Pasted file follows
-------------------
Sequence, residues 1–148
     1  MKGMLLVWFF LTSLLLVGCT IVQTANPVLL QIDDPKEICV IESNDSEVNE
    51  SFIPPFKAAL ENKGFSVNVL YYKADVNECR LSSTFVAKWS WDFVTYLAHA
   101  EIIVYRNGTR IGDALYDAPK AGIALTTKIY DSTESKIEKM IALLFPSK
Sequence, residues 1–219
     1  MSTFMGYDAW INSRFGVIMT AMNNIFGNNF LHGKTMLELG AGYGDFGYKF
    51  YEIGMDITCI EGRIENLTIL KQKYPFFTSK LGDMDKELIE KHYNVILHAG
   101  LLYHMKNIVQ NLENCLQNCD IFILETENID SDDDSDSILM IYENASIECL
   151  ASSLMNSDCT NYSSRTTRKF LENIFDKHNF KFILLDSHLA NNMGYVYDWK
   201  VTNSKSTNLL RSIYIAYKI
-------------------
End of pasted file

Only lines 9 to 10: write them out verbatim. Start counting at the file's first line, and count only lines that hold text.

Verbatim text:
   151  ASSLMNSDCT NYSSRTTRKF LENIFDKHNF KFILLDSHLA NNMGYVYDWK
   201  VTNSKSTNLL RSIYIAYKI